Ernest Hemingway, a bridge between cultures

coloquio EH

The XV Ernest Hemingway Colloquium was inaugurated yesterday in Havana, Cuba. Alain Valdés Sierra reports for Granma. Here are a few translated excerpts with a link to the original below:

In his keynote speech, Minister of Culture Julián González underlined that he sees the symposium as an excellent opportunity to learn why Ernest Hemingway fell in love with Cuba. He spoke to the press about the large number of U.S. scholars who attend each year and how their interest in the life of the winner of the Nobel Prize for Literature also brings them closer to the social and cultural life of the island.

“What Hemingway loved about our country,” he said, “were the characteristics of the people, because he was an enemy of formalities and here, he found a suitable setting for his work, without the usual protocols of another big city. That freshness is multiplied in the cultural level of our people, in the way in which they appreciate the arts in general and literature in particular. ”

[González underlined that this is] a great opportunity that will continue increasing as relations improve between Cuba and the United States, especially when the embargo is removed. He highlighted Hemingway’s role as a bridge between the two cultures, “today more than ever because as Americans can travel to Cuba freely, a great incentive would be to discover what [Hemingway] found here the writer, what he saw in our people that led him to establish himself here and adopt Cuba as a second home.”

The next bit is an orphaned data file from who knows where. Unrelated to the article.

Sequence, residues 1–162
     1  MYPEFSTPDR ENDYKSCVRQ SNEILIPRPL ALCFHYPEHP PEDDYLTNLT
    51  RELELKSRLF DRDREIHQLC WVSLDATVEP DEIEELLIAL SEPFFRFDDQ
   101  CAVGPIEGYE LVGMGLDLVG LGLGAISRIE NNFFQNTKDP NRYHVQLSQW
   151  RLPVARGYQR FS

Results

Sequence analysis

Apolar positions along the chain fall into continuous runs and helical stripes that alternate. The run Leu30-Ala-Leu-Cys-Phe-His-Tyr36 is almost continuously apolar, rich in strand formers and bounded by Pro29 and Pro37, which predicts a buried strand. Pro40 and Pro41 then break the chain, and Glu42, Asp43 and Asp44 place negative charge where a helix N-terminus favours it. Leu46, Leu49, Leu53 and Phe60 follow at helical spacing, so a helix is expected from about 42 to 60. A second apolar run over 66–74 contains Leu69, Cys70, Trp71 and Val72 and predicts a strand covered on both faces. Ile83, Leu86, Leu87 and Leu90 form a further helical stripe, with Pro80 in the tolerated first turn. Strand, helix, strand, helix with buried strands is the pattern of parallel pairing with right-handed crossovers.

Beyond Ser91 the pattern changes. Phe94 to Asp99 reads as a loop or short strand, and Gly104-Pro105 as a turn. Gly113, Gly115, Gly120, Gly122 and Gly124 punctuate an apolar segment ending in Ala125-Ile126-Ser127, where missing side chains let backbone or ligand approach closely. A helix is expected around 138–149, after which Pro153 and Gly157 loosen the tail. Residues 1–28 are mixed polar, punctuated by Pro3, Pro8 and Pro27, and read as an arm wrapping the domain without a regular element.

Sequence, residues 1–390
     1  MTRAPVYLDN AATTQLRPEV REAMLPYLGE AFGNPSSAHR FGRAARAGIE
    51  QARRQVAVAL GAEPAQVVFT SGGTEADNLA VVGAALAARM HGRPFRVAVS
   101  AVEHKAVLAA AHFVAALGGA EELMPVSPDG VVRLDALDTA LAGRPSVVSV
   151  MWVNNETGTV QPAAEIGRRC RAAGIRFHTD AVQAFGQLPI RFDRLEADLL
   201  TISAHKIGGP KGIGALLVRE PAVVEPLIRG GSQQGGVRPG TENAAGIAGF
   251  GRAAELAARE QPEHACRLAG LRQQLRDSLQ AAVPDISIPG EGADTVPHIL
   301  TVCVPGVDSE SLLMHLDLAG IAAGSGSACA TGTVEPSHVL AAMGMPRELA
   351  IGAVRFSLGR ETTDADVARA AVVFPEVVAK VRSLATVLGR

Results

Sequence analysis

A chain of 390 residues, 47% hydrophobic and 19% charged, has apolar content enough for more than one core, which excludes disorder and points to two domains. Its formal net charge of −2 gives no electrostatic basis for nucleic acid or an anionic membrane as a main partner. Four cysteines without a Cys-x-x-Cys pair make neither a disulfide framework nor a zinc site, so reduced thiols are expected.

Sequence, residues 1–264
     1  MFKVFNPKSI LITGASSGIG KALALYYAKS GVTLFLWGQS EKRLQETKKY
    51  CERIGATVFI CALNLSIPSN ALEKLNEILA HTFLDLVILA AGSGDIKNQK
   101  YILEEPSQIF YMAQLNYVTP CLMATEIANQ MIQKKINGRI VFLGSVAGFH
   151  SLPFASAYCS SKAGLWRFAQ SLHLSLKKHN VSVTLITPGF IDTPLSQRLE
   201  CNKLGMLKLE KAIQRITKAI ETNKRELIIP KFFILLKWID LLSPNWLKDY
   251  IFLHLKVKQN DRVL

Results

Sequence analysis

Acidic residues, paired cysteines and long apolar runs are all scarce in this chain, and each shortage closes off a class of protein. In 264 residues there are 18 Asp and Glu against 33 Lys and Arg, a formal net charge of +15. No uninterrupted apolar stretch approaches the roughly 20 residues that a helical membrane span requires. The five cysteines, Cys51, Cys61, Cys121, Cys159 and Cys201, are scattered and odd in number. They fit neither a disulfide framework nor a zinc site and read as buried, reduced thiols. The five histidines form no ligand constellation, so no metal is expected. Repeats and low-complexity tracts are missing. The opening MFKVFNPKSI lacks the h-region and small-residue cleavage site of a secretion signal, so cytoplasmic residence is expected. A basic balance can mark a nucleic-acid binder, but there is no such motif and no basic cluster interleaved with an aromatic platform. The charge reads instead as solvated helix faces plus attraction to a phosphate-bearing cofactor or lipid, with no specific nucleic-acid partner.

The opening day of the conference began with a tribute to René Vi­lla­real, Hemingway’s butler at Finca Vigía, and who the bestselling author called his Cuban son. [. . .]

ricardo koon

Following this, there was the book presentation for El último León [The Last Lion] by Argentine researcher Ricardo Koon who, in six parts, maps out a journey through the life of the remarkable American writer from his childhood days in Illinois until his death in Idaho. Koon said it took him about four decades to research and to gather the testimonies of people who in various ways were related to Hemingway’s life and work, including Catalan visual artist Joan Miró and Spanish writer Rafael Alberti. [. . .]

See full article in Spanish at

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